And if you want to gauge Intel’s strategic priorities, the company’s business units provide a pretty good overall picture. As well as the PSG and AIPG just mentioned, there is the Data Center Group overseeing servers; the Client Computing Group; Internet of Things Group; and the Non-Volatile Memory Solutions Group.

Intel thus sees its business branching out into new areas like the Internet of Things, where the firm has key strengths in not just compute, but also in the communications and networking required to make connected devices function, and this also crosses over into autonomous vehicles.

“We have lots of opportunities to help customers to develop and enable new experiences. In IoTG for example, with autonomous driving, which is an aspect of compute in the car, communication between the car and the data centre, and then data centre technologies around machine learning and all the rest of it to make sure the car is aware of its environment and can operate with utmost safety,” Gleissner says.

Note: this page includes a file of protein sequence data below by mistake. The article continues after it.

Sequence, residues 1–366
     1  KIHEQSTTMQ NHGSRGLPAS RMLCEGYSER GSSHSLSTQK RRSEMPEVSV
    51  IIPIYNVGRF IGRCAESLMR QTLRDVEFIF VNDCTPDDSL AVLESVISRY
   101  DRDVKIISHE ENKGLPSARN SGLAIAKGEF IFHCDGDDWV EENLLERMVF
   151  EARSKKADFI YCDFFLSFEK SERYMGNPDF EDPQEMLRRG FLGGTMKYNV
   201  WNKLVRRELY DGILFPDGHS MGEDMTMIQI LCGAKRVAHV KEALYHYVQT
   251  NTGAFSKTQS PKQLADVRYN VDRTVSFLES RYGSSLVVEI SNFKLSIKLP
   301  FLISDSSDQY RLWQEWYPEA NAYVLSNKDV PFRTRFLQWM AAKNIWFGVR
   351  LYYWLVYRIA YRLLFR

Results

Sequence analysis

Intel has also begun another acquisition in this area, that of Mobileye, an Israeli firm specialising in computer vision and machine learning, data analysis and mapping for driver assistance and autonomous driving.

Meanwhile, Intel is also reviving its efforts in an area of technology that it has long neglected: memory. Many years ago, the firm derived much of its profits from DRAM and SRAM chips, but switched its focus to processors in the face of fierce competition from Japanese chipmakers.

However, Intel never entirely stopped making memory components, and sees NAND flash technology as a key component of enterprise computing. Along with its manufacturing partner Micron, Intel has also been working to bring to market a new non-volatile memory, 3D XPoint. When first detailed back in 2015, this was claimed to be 1,000 times faster than NAND flash while offering a storage density up to 10 times that of DRAM.

While the first products announced in March under the Optane brand did not appear to live up to the original hype, the technology is likely to improve with continued development, and even the first generation shows potential as a new tier in the memory hierarchy between main memory and storage, which could provide a real boost to some data centre workloads.